This kind of variety might lead you to believe Fisher has an encyclopedic knowledge of electronic music, but he didn't get into it until late in his young adult life. He grew up in suburban New Jersey, where he mostly listened to alternative rock. Musically inclined from childhood, he learned to play the drums, but once he left home—he went to Chicago for two years, then to New York—he couldn't find any bands that interested him. So Fisher started a solo project, which began with a series of rudimentary R&B edits.
"I saw that a lot of my friends were making electronic music, so I was like, 'Lemme figure this out,' and that's when I started doing those edits," he explains. "That was in 2010. The Alicia Keys thing happened in spring 2011, and that was the first thing I ever did that was good enough to show anybody. It immediately took off. "
Fisher's "Real Heavy Vibe" mix of Keys' smoky 2009 hit "Unthinkable" is emblematic of his approach. It was like he took a paintbrush to the track and couldn't keep his hand steady. The track is smudgy and distorted, burying Keys' vocal and letting faint bits of it surface, turning the already anxious song into a goth-tinged epic. That edit and the others floating around were done on the fly with a crude Traktor setup. "It's one thing to just pop someone's acapella or chop their whole song and build on top of it," Fisher says. "Starting from scratch was a big hurdle for me."
Fisher built a following off the back of those edits, aligning him with other big-on-the-internet producers like Pictureplane. His growing prominence coincided with a series of strong online mixes with names like "Therapy Sessions" and "Spinal Correction," and they tied his internet presence with a well defined visual aesthetic to go with the hazy music.
"The name just made sense in terms of talking about dance music and DJing—it's like physical therapy," Fisher points out. "But I've always been attracted to pharmaceutical design and medical culture. I was kind of a sickly child. I remember when I was little, my fantasy was to work at CVS, one of the big pharmacy chains in the States. I was always just mesmerized by the fluorescent lighting and how beautifully all the medicines were laid out with their brightly coloured packaging."
Despite his internet-savvy identity—bright colours, corporate-style logos and marketing speak on his website, which echoes the work of James Ferraro and the growing tide of vaporwave artists—Fisher's early music wasn't the product of ironic detachment or winking millennial nostalgia. "It was just where I was coming from and the parties I was hanging out at," he says. "You would be hearing a lot of R&B. I've never understood the 'guilty pleasure' thing, and for me it always comes from a place of pure love."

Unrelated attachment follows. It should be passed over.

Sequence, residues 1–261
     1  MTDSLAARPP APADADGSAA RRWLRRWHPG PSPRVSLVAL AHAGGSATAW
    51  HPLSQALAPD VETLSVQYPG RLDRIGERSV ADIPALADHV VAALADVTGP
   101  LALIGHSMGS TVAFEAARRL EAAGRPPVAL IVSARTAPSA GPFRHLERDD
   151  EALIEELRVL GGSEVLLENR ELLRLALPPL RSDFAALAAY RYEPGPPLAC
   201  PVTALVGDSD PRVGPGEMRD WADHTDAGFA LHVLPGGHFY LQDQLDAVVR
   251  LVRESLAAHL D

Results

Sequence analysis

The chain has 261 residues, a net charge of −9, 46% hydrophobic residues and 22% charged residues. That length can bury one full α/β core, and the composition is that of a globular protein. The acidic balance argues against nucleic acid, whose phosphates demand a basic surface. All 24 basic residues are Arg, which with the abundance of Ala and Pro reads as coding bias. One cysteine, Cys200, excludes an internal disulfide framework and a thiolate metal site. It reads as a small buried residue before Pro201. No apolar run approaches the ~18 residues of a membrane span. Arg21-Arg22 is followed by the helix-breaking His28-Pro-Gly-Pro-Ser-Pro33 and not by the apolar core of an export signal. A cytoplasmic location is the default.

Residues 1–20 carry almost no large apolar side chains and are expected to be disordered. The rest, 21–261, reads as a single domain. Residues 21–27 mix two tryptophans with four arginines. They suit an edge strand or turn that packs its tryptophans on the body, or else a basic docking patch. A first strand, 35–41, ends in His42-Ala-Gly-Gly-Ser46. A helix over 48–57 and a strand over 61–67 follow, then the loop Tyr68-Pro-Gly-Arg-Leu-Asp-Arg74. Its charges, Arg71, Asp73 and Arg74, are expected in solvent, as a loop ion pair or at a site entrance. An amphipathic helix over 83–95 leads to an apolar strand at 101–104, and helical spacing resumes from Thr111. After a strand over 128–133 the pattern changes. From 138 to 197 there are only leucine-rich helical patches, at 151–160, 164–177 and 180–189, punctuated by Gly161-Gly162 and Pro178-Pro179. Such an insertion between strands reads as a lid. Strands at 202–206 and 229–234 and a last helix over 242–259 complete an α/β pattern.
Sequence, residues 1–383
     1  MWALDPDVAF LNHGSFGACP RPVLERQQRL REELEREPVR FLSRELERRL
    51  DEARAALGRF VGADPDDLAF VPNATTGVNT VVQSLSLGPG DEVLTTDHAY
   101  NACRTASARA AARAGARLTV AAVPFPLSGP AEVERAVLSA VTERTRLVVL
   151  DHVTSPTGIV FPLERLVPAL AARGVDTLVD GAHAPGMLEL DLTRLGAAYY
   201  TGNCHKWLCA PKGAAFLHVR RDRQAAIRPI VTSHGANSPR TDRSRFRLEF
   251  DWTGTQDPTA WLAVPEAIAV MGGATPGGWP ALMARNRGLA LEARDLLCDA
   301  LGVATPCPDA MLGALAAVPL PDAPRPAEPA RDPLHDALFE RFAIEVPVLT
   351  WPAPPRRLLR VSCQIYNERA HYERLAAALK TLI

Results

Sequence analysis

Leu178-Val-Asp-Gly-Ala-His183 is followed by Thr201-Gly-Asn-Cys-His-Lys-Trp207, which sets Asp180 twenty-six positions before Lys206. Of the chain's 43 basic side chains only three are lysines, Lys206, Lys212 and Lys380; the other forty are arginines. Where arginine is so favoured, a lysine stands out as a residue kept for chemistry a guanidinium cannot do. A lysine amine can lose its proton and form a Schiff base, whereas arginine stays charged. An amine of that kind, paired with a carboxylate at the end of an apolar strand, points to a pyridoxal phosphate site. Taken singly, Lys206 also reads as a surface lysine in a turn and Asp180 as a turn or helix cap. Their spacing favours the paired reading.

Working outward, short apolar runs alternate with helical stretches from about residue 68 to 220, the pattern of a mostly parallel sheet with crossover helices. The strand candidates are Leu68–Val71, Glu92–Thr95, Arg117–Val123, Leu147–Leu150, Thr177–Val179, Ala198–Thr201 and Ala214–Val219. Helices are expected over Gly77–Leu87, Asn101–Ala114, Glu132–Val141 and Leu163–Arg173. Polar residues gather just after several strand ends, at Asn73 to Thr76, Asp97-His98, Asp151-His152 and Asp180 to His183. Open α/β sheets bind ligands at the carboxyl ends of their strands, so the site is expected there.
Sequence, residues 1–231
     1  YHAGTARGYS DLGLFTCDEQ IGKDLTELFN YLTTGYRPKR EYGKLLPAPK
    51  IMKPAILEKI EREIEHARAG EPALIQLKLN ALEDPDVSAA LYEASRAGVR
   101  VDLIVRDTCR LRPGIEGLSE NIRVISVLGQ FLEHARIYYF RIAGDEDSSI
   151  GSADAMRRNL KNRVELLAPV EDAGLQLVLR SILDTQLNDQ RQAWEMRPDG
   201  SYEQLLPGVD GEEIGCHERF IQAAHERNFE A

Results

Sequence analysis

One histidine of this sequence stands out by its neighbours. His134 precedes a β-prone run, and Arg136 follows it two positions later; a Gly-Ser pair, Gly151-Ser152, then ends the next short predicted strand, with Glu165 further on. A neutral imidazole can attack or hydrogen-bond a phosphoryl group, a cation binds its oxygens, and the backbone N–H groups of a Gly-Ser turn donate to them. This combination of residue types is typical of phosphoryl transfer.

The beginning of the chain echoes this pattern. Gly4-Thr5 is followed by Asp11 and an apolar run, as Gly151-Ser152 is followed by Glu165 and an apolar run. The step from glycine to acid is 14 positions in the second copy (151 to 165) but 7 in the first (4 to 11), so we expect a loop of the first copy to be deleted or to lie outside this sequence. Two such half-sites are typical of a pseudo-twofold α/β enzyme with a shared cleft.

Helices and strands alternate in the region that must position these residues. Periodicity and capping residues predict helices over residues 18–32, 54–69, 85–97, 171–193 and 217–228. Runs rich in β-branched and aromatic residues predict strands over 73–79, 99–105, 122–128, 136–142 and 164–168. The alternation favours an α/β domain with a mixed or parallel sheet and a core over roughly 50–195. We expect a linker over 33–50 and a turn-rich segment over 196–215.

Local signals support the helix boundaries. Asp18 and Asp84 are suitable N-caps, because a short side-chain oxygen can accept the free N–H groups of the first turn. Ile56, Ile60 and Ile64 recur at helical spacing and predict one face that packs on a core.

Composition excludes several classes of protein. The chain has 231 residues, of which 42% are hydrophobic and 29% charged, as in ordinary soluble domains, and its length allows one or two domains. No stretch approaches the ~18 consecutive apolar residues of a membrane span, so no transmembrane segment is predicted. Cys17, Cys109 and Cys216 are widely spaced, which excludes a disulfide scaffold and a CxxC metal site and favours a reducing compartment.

A self-described "omnivore," Fisher's early mixes dipped into garage, Baltimore club and drum & bass. This is partly explained by his eagerness to learn, and also having knowledgeable friends, like Hood By Air's Shayne Oliver. Oliver showed Fisher the ropes and set him up with a regular slot at Venus X's GHE20G0TH1K, a trendy cybergoth party that became a dominant player in the New York underground. The party's open-ended style (which was recently pilfered by Rihanna) lined up well with Fisher's tastes.
In 2012—just as GHE20G0TH1K became a regular event—Fisher stopped playing the party to concentrate on production. He says the idea of making songs from scratch was daunting at first, but his friends like Kingdom and Michael Magnan (whom he would later collaborate with as Fatherhood) inspired him. Moving away from the anything-goes style of his GHE20G0TH1K peers, Fisher wanted to streamline his sound—though you wouldn't know this from his first EP of original music, 2012's Safety Net, a five-tracker that ran the gamut from jungle to house, and took six months to finish.
"Safety Net was everything I had made up to that point," Fisher says, laughing. "Once I got over that hurdle—at the time I thought of myself as someone who could only make one track a month—I figured out that it gets easier and easier to push things out."
Over the next year or so, Fisher produced around 100 tracks, moving closer towards house and techno as he began to absorb everything he could. After a "posi techno" release for Grizzly, Yes, I'm Elastic, an EP for rising New York techno imprint Fifth Wall, was his most visible release yet, and definitely his strangest. It was a collection of unrelentingly dark techno with a wonky sense of humour—the woozily repeated "who killed..." chant on "I Did" names luminaries from Derrick May to Seth Troxler, recited like a shopping list of Fisher's dance music discoveries.
Fisher's growing interest in house and techno mirrored the underground dance music trends in the US and UK. But for him it was a personal journey, a self-reinforcing process that was accelerated by his trips to Berlin. "Before Berlin, I thought that techno was stupid," he says. "I thought it was this Richie Hawtin Ibiza thing. I didn't understand that there was good techno. Once my eyes were opened to that I just wanted to make what I was listening to.